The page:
Inc.'s iglide®X6 bearings are made of an advanced polymer material using
nano-sized particles. Use of nanotechnology improves the lifetime of its
high-performance plastic plain bearing predecessors by a factor of six,
according to igus Inc. of East Providence, RI. Even for temperatures above
212F, iglide X6 is said to achieve the best wear resistance in applications
with rotating or oscillating movements and can be used in a wide range of
industries ranging from medical, packaging and pharmaceutical, to automation or
recreational vehicles. Continuous use in temperatures up to 482F is also
The technology is also significant
because iglide X6 bearings are said to have improved heat relaxation. From a
design engineer's perspective, this means the press fit of the bearings is
improved by up to 50 percent. In addition, iglide X6 delivers superior
performance in temperature-, pressure- and chemical-critical applications and
requires no lubrication or maintenance.
Nano technology was used to optimize
the new X6 material. In this area, surface properties play an increasingly
important role compared with the material volume properties. In nano
technology, the size of the object determines properties. These are referred to
as "size-induced functionalities." The specific polymer and nano technology
used is proprietary.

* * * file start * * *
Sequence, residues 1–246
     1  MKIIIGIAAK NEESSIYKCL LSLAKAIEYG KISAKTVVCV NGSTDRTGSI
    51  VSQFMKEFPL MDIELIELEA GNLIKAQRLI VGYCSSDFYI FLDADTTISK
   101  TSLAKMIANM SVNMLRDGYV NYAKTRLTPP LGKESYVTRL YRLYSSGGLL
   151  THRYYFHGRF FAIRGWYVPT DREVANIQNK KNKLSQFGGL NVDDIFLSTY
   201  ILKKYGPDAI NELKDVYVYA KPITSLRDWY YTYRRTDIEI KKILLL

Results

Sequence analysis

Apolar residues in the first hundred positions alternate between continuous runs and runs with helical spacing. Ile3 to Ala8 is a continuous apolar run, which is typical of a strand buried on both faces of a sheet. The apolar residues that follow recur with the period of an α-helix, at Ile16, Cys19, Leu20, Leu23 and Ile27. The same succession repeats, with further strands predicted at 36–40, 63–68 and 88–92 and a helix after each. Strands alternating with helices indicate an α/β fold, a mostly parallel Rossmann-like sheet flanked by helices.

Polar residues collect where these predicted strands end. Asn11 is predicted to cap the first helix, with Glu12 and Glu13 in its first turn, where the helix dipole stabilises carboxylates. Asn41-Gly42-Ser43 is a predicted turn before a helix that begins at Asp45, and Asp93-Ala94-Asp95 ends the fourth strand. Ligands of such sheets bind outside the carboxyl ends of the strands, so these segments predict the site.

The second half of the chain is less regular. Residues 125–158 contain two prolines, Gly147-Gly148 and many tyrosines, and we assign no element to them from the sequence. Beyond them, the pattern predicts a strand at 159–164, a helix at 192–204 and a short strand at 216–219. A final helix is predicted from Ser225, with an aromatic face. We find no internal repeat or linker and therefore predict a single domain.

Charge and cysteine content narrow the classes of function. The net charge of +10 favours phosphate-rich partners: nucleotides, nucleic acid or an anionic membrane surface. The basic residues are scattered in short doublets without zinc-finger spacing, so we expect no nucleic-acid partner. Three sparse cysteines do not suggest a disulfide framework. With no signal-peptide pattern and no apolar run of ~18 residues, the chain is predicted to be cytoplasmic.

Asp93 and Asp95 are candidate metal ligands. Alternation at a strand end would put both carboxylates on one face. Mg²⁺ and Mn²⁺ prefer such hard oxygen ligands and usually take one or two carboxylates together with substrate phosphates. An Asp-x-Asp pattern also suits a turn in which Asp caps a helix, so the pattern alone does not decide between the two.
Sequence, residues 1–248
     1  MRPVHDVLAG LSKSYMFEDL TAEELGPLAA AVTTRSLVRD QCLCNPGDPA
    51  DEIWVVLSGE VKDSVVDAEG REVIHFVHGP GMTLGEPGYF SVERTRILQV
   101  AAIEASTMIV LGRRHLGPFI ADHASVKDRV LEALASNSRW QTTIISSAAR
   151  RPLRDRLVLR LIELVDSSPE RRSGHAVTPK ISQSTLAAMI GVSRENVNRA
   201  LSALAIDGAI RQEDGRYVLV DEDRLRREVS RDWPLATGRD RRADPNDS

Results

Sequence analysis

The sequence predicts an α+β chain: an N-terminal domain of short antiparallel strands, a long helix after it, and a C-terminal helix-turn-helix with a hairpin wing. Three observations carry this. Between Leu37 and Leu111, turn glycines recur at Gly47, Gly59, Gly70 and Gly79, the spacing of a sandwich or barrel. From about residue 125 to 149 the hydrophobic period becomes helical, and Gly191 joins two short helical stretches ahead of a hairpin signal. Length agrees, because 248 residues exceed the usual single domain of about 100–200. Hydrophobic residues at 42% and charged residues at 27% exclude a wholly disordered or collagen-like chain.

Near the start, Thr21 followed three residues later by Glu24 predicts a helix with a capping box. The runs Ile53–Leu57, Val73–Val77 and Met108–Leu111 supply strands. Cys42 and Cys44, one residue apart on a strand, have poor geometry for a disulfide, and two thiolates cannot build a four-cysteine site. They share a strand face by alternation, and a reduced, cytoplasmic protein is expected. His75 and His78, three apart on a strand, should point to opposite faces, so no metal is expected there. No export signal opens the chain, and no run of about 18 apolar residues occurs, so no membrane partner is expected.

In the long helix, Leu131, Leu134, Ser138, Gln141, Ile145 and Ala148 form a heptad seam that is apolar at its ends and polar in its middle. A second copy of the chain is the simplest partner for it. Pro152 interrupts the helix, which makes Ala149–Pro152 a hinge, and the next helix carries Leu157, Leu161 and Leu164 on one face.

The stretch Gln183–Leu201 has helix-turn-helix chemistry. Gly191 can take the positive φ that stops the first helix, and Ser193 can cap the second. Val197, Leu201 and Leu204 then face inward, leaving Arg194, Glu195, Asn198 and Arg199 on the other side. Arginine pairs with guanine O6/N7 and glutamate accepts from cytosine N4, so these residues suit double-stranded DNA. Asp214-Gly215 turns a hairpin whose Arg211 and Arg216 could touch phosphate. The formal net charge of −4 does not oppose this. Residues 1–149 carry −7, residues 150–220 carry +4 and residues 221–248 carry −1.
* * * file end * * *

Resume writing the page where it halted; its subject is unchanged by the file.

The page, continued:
More often than not, with the purchase of a sports car comes the sacrifice of any sort of utility. In other words, you can forget about a large trunk, extra seats for the kids, and more importantly driving in snowy (or inclement) weather. But what if there was a vehicle that offered the best of both worlds; great handling and practicality?
Science fiction author Isaac Asimov may have the best rules for effective brainstorming and creativity. His never-before-published essay, "On Creativity," recently made it to the Web pages of MIT Technology Review.
Much has been made over the potentially dangerous flammability of lithium-ion batteries after major companies like Boeing, Sony, and Tesla have grappled with well-publicized battery fires. Researchers at Stanford University may have come up with a solution to this problem with a smart sensor for lithium-ion batteries that provides a warning if the battery is about to overheat or catch fire.
Focus on Fundamentals consists of 45-minute on-line classes that cover a host of technologies. You learn without leaving the comfort of your desk. All classes are taught by subject-matter experts and all are archived. So if you can't attend live, attend at your convenience.